Gates Budget Review to ‘Force Discussion’ of Risk Analysis

WASHINGTON, May 18, 2011 — Defense Sec­re­tary Robert M. Gates today announced the frame­work for a com­pre­hen­sive review of mil­i­tary spend­ing designed to put nation­al secu­ri­ty needs ahead of arbi­trary bud­get cuts.

“We must reject the tra­di­tion­al approach of apply­ing across-the-board cuts — the sim­plest and most polit­i­cal­ly expe­di­ent approach, both inside this build­ing and out­side of it,” Gates said at a Pen­ta­gon news brief­ing. “That kind of an approach pre­serves over­head and main­tains force struc­ture on paper. But it results in a hol­low­ing out of the force from a lack of prop­er train­ing, main­te­nance and equip­ment. We’ve been there before in the 1970s and in the 1990s.”

Pres­i­dent Barack Oba­ma, in an April 13 speech on the nation’s fis­cal chal­lenges, set a goal of sav­ing $400 bil­lion over 12 years, most­ly from the Defense Depart­ment and beyond sav­ings already iden­ti­fied. To do that, he direct­ed Gates and oth­er Pen­ta­gon lead­ers to con­duct a “fun­da­men­tal review of America’s mil­i­tary mis­sions, capa­bil­i­ties, and secu­ri­ty role around the world,” Gates not­ed.

Defense lead­ers have worked for more than two years to find cost sav­ings in the depart­ment, Gates said. The effort began in acqui­si­tions, with more than 20 weapons sys­tems being cur­tailed or can­celled, then moved to cut­ting over­head costs and redi­rect­ing the sav­ings to sup­port warfight­ers and help to reduce the fed­er­al deficit. “The over­ar­ch­ing goal of these efforts was to carve out enough bud­get space to pre­serve and enhance key mil­i­tary capa­bil­i­ties in the face of declin­ing rates of bud­get growth,” he said. The goal of the new review, Gates said, is “to pre­serve a U.S. mil­i­tary capa­ble of meet­ing cru­cial nation­al secu­ri­ty pri­or­i­ties, even if fis­cal pres­sure requires reduc­tions in the force’s size.” The review will be guid­ed by the Nation­al Secu­ri­ty Review, the Nation­al Defense Strat­e­gy, the Nation­al Mil­i­tary Strat­e­gy, the Chairman’s Risk Assess­ment and the Qua­dren­ni­al Defense Review to ensure it is focused on “strate­gic pol­i­cy choic­es, first, and cor­re­spond­ing changes in the DOD bud­get, sec­ond,” the sec­re­tary said. The direc­tor of cost assess­ment and pro­gram review, the under­sec­re­tary of defense for pol­i­cy, and the chair­man of the Joint Chiefs of Staff will lead the effort joint­ly, he added.

The review will pro­vide a strong ana­lyt­i­cal link cur­rent­ly miss­ing between the QDR and the present make­up of the forces, the sec­re­tary said. Once com­pet­ing strat­e­gy options are iden­ti­fied, only then should the review con­sid­er fis­cal impli­ca­tions and options, he said.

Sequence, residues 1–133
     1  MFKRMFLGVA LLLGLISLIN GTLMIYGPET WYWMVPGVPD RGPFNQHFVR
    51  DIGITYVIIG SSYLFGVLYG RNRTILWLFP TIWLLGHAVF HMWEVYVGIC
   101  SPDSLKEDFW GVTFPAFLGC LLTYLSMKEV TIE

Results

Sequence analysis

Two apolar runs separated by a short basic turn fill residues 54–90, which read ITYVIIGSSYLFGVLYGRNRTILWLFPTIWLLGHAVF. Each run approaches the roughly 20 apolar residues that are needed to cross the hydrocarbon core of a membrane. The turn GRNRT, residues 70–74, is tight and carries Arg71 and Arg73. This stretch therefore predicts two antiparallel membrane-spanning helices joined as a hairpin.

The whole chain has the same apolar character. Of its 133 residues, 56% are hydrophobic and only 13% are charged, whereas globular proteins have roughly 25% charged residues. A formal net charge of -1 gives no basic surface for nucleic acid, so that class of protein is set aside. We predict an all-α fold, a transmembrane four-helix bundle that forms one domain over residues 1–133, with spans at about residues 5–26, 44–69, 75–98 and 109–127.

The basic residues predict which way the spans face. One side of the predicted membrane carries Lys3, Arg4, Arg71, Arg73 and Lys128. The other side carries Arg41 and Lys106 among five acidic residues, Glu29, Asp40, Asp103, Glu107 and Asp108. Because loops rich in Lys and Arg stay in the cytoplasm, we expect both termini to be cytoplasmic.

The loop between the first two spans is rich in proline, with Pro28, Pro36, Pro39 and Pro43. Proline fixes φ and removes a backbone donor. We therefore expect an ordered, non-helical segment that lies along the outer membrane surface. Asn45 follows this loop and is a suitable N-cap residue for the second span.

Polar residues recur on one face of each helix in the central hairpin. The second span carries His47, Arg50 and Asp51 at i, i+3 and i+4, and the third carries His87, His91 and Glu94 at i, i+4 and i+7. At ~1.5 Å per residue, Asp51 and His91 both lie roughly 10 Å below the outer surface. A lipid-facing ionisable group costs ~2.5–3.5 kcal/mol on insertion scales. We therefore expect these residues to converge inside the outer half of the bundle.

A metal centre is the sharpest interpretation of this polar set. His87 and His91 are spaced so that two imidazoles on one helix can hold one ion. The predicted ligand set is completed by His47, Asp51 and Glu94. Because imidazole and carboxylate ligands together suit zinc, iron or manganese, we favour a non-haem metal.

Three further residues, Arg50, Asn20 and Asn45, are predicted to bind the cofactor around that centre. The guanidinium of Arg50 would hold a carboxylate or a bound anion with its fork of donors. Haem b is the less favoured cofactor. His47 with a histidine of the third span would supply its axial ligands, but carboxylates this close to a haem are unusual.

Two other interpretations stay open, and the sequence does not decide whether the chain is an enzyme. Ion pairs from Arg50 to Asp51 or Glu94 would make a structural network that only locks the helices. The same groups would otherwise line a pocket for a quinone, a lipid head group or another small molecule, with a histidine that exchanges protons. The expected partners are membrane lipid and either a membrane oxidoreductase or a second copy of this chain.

The sec­re­tary out­lined a four-step process for sav­ing mon­ey in the depart­ment that would start with iden­ti­fy­ing addi­tion­al effi­cien­cies to be gained from elim­i­nat­ing bureau­crat­ic excess and over­head. But that alone won’t gen­er­ate enough sav­ings, Gates said, so exam­in­ers should then move on to look­ing at pro­grams, process­es and man­dates that dri­ve up costs, “to include the way we deliv­er health care, com­pen­sate mil­i­tary per­son­nel, pro­vide retire­ment ben­e­fits, sus­tain our infra­struc­ture and acquire goods and ser­vices.”

In the third cat­e­go­ry, offi­cials will review mis­sions and capa­bil­i­ties of mar­gin­al scope against over­all strat­e­gy. “They rep­re­sent mis­sions that the depart­ment car­ries out today that, while of val­ue, are not cen­tral to our core mis­sion or are of low­er pri­or­i­ty,” Gates explained.

Gates cit­ed the long-stand­ing U.S. strat­e­gy that calls for the mil­i­tary to be able to fight two major, region­al con­flicts simul­ta­ne­ous­ly as an exam­ple of review­ing strate­gic alter­na­tives.

“If you were to tell your­self the like­li­hood of hav­ing two such fights simul­ta­ne­ous­ly is low, and you could there­fore plan to fight sequen­tial­ly, that would have huge impli­ca­tions in terms of the size of force that you need to main­tain,” he said. “But the oth­er side of that is the risk involved if you’re wrong.”

The final area for con­sid­er­a­tion – “the hard­est cat­e­go­ry, strate­gi­cal­ly, and I would say intel­lec­tu­al­ly,” Gates said – is to con­sid­er alter­na­tives to the Qua­dren­ni­al Defense Review strat­e­gy that trans­late into options for reduc­tions in force struc­ture or capa­bil­i­ty need­ed to exe­cute the strat­e­gy, Gates said. Such con­sid­er­a­tion would be informed by all the oth­er activ­i­ties in the frame­work, he added.

“In the end, this process must be about iden­ti­fy­ing options for the pres­i­dent and the Con­gress where the nation is will­ing to accept risk in exchange for reduced invest­ment in the Depart­ment of Defense,” Gates said. No mat­ter what hap­pens in the review process, the sec­re­tary said, lead­ers must make tough deci­sions and avoid the “hol­low­ing out” of the forces.

“I want to force that kind of dis­cus­sion,” he said. “If we’re going to cut the mil­i­tary, if we’re going to reduce the resources and the size of the U.S. mil­i­tary, peo­ple need to make con­scious choic­es about what the impli­ca­tions of that are for the secu­ri­ty of the coun­try, as well as for the oper­a­tions that we have around the world.”

U.S. Depart­ment of Defense
Office of the Assis­tant Sec­re­tary of Defense (Pub­lic Affairs)

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